How to Install GNU Icecat on Debian Wheezy

Icecat is the GNU project version of Mozilla Firefox. The main
advantage of Icecat over Firefox, and the major difference between
the two, is that Icecat codebase and ecosystem is entirely free
software while Firefox is not. Firefox reccomends non-free plugins
and add-ons, and Icecat only reccomends and distributes free

Installing Icecat
You can get the source for Icecat
from Savannah[0] and built in the usual manner.
If building from source isn’t quite your thing, the GNUzilla team
also provides built tarballs that you can easily download,
un-archive, and run. The latest version of Icecat can be
from GNU FTP[1] (make sure to get the 32bit or 64bit version,
whichever is right for your system).

You should then untar the archive

tar -xzvf path/to/archive

and then move the resulting directory to somewhere in your $PATH. On
my system, I moved the icecat-17.0.1 directory to /usr/local/bin
by executing

sudo mv icecat-17.0.1 /usr/local/bin

You will then need to `cd` to /usr/local/bin and create an
executable symlink the icecat executable.

sudo ln -s icecat-17.0.1 ./icecat

If you now execute

which icecat

the path to this newly created symlink should be printed to your
terminal. You now have a fully installed and useable Icecat on your

Adding Icecat to the Debian Alternatives System
The Debian Alternatives system allows for user configurable
‘default’ applications to use for specific functions. Using the
Alternatives system, you can easily configure which program your
system uses as an editor, a mail client, a web browser, etc. In
order to set Icecat as the browser that all links will open in,
you must add it to the Alternatives system. By executing

sudo update-alternatives –install /usr/bin/icecat x-www-browser /usr/local/bin/icecat 90

Icecat will be added the Alternatives system and set to the
highest priority. Now, all links will open in Icecat.


LibrePlanet 2013

Towards the end of March, I attended LibrePlanet 2013 in Boston,
MA. This was a weekend conference put on by the Free Software
Foundation that was all about free software and bringing together
members of the various free software communities. It was a
fantastic weekend! I attended a few talks, and a workshop/install
party, and learned a whole bunch.

Thursday evening, I met some people for dinner that I had only
ever know from IRC. Little did I realize that this was going to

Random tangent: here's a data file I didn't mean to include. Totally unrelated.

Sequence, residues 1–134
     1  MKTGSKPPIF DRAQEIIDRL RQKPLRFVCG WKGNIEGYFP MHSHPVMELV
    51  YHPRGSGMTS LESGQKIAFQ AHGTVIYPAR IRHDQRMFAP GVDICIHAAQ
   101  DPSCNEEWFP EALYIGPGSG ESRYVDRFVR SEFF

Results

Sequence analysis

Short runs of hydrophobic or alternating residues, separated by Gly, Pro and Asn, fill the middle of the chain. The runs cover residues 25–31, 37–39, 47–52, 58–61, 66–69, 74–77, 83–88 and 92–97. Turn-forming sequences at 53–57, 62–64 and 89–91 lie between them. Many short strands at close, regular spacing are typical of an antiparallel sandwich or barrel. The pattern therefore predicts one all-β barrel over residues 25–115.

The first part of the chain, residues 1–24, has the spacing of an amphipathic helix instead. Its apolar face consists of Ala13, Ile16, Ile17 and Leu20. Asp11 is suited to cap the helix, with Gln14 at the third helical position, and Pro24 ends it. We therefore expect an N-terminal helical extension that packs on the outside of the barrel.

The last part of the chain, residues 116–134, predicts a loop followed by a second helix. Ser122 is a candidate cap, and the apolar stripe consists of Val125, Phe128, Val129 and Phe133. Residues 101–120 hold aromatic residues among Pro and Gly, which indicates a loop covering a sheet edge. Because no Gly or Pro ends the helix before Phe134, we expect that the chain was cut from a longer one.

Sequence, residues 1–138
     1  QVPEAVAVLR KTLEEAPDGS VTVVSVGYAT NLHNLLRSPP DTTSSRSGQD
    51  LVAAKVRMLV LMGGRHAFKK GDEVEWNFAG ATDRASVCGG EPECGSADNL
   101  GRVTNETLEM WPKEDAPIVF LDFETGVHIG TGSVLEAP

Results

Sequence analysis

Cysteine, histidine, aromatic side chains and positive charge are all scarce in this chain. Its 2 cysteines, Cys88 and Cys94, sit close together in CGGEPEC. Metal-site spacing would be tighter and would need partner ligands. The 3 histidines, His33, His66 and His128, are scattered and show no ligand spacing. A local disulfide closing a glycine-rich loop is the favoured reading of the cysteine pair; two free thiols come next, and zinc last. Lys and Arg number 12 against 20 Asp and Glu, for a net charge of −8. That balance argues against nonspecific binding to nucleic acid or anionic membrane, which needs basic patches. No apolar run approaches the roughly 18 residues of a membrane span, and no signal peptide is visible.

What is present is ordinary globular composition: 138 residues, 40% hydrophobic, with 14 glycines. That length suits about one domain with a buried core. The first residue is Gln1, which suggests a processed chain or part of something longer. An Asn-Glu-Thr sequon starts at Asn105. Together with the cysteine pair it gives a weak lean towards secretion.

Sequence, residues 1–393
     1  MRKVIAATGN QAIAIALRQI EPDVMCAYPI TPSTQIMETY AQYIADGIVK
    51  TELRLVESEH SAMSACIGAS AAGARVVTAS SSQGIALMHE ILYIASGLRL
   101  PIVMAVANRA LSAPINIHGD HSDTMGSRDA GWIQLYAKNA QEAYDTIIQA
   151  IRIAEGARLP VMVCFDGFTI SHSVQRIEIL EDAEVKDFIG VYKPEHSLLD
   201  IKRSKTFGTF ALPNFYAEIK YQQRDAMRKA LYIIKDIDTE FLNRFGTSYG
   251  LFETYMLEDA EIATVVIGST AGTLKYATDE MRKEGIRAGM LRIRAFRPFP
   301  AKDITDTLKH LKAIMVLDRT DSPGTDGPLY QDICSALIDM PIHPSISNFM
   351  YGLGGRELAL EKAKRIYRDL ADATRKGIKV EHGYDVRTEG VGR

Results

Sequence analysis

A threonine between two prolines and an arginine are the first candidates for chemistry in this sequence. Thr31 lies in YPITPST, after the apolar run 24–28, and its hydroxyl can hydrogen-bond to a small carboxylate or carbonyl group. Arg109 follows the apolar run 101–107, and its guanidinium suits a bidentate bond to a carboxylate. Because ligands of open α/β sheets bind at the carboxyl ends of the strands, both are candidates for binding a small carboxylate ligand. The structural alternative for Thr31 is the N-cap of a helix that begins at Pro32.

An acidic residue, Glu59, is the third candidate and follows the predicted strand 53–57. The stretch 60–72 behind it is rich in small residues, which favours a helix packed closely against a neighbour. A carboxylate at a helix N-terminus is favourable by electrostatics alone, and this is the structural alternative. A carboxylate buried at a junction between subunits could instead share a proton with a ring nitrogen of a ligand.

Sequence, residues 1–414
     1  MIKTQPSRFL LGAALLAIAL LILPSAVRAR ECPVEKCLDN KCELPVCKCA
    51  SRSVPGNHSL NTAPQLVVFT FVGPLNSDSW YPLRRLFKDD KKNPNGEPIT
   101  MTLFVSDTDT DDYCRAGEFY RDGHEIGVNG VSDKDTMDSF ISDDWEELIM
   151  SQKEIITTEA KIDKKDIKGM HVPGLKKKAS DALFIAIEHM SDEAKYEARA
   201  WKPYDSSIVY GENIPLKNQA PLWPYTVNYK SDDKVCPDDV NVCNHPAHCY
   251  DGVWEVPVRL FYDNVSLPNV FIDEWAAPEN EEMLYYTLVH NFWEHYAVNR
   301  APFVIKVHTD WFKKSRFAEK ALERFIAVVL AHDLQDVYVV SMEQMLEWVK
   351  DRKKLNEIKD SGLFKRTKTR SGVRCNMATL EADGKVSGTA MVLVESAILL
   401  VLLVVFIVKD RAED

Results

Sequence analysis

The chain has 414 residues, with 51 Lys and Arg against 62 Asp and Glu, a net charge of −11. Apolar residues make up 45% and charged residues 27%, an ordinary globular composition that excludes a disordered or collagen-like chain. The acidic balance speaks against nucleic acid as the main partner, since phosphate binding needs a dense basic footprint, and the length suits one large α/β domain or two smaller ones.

the be the case all weekend!

Friday morning I explored Cambridge, Harvard’s campus, and MIT’s
campus. Then after a quick lunch, I took the T downtown to work
out of the Free Software Foundation’s office. While it was kind of
strange to putz away on my day job work from a place that would
frown on what I do for my day job, it went very well, and I met
even more people in person that I had only known from IRC.

Friday evening there was a meet-and-greet at the FSF office, where
once again, meeting IRC people in the flesh was the order of the

Saturday began the “actual” conference, and I walked to the
Harvard Science Center with much enthusiasm. After a breakfast and
some quick conversations, it was off to the talks and workshops!

One of the talks that I attended was on the recently passed MA
Right-to-Repair law. The talk was generally about the free
software that may (or may not be) in cars, and how recent
legislation is driving more people towards free software.

Another talk that I attended was on IceCat and LibreJS. IceCat is
a GNU project that is a web browser based off of Mozilla Firefox
with all of the Mozilla branded stripped out, and added privacy
features. LibreJS is a Firefox/Icecat/Iceweasel plugin that allows
users to avoid the “javascript trap” of running non-free
javascript on thier machines. These two projects are near and dear
to me as I hack on them, but it was very nice to meet my
collaborators in person.

I also attended a talk by Stefano Zacchiroli, the current Debian
Project Leader, about what the Debian Project is doing to become a
Free Software Foundation endorsed distro. This talk, and some of
the discussion afterwards were the catalyst that made me change
from my beloved Arch GNU/Linux to Debian GNU/Linux on my main

Then of course there were the Free Software Awards, preceeded by a
talk from rms (Richard M. Stallman, Founder of the GNU Project and
FSF). The talk was what I expected, and the awards were given to
deserving projects.

I also went to the workshop/install party for Replicant and
Coreboot. Replicant is an Android fork that has of the non-free
parts taken out, as well as all of the Google specific parts. The
end result is a cell phone that runs on (mostly) free
software. There are still some non-free firmware bits, but that is
almost unavoidable. The second part of this install party
pertained to Coreboot. Coreboot is a BIOS replacement that is
entirely free software. While my machine is not able to run
Coreboot, it was pretty cool to talk with one of the developers of
Coreboot and learn more about how BIOS’s actually work.

In the end, LibrePlanet 2013 was a great experience. I learned a
whole lot about various free software projects and free software
in general. I will definitely be going back next year.